There probably isn't much capable of being added here that hasn't already been written, and with palpable intensity, within the comments for the News and Tribune's guest column by school board member DJ Hines. In retrospect, Hines' carefully orchestrated apologia for a move few people knew was coming until it had already concluded would have drawn more favorable responses if he had proposed mandatory nude atheism for the school board, rather than a pay raise for the school superintendent, which by any available barometer runs counter to the prevailing themes of the local zeitgeist.
New Albany school chief will receive 20% raise, by Harold J. Adams (Courier-Journal)
The New Albany-Floyd County school board faced down standing-room-only opposition and approved an immediate 20 percent raise for Superintendent Bruce Hibbard during the board’s regular meeting Monday night.
In a 5-2 vote, the board boosted Hibbard’s annual base pay by $28,500 to $170,500 and extended his contract by two years through the 2014-2015 school year. The pact also includes a $10,000 bonus for the current school year to be paid on July 1.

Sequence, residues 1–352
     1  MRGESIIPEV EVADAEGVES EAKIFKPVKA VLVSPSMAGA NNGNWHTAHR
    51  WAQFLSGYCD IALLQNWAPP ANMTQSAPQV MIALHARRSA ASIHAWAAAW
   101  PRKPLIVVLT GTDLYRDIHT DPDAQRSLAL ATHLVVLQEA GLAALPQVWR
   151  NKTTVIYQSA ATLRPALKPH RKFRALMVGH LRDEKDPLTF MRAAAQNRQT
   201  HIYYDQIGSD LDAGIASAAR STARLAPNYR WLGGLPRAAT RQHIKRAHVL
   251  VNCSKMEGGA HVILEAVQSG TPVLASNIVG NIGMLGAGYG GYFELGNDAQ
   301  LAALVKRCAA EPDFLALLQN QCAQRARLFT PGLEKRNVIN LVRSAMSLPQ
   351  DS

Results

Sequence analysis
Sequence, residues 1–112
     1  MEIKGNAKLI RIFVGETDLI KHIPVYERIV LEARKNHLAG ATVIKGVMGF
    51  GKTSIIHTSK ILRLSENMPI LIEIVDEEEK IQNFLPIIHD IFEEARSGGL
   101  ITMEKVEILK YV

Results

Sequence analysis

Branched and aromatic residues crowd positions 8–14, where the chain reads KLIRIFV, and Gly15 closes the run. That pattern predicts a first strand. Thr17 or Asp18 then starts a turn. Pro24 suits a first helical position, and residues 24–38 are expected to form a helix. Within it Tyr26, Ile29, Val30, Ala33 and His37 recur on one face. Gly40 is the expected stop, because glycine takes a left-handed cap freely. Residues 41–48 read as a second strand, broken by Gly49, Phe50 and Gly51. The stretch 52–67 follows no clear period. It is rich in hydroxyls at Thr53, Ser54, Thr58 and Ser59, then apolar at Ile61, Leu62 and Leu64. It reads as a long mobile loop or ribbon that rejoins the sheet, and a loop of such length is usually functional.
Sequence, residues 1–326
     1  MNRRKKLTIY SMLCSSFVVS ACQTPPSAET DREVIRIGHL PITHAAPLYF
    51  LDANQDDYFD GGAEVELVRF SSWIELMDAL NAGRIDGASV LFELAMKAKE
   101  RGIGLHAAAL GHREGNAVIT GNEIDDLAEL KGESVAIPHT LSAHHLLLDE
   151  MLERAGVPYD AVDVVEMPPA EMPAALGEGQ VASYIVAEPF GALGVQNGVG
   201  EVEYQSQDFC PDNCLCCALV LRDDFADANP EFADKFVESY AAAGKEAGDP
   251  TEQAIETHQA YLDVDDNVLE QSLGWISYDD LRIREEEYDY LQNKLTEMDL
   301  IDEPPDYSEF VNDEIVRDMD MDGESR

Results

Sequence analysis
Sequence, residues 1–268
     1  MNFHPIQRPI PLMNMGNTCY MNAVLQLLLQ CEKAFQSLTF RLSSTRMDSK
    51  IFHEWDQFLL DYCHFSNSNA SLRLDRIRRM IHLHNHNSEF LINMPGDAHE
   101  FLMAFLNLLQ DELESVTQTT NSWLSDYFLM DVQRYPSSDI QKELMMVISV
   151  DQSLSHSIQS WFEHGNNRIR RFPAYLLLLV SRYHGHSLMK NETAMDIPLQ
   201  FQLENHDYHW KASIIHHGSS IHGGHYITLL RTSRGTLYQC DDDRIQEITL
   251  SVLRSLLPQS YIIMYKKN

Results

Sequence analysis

Hibbard’s new annual compensation package is $189,400, including previous deferred compensation of $12,000 and monthly stipends of $500 for a vehicle and $75 for a cellphone.
Board members Rebecca Gardenour and Lee Cotner voted against the raise, citing a continuing budget crunch in the district. “According to our financial officers, we still need to make at least $2.8 million in cuts,” Gardenour said.
“So the bottom line is we cannot afford to give our superintendent a raise at this time,” she said to a hearty round of applause from a board room packed with hundreds of people.
Cotner called Hibbard “an incredible talent” who has improved academic performance in the schools. “However there’s an economic reality … that is we’re spending more money than we’re taking in,” Cotner said. “In that environment I can’t support a pay raise at this time.”
Hibbard has presided over the closing of four elementary schools, the laying off of dozens of teachers, the elimination of certified teachers in elementary art, music and physical education classes, the outsourcing of custodial work and the reduction of benefits for classroom aides, all in an effort to close a yawning deficit.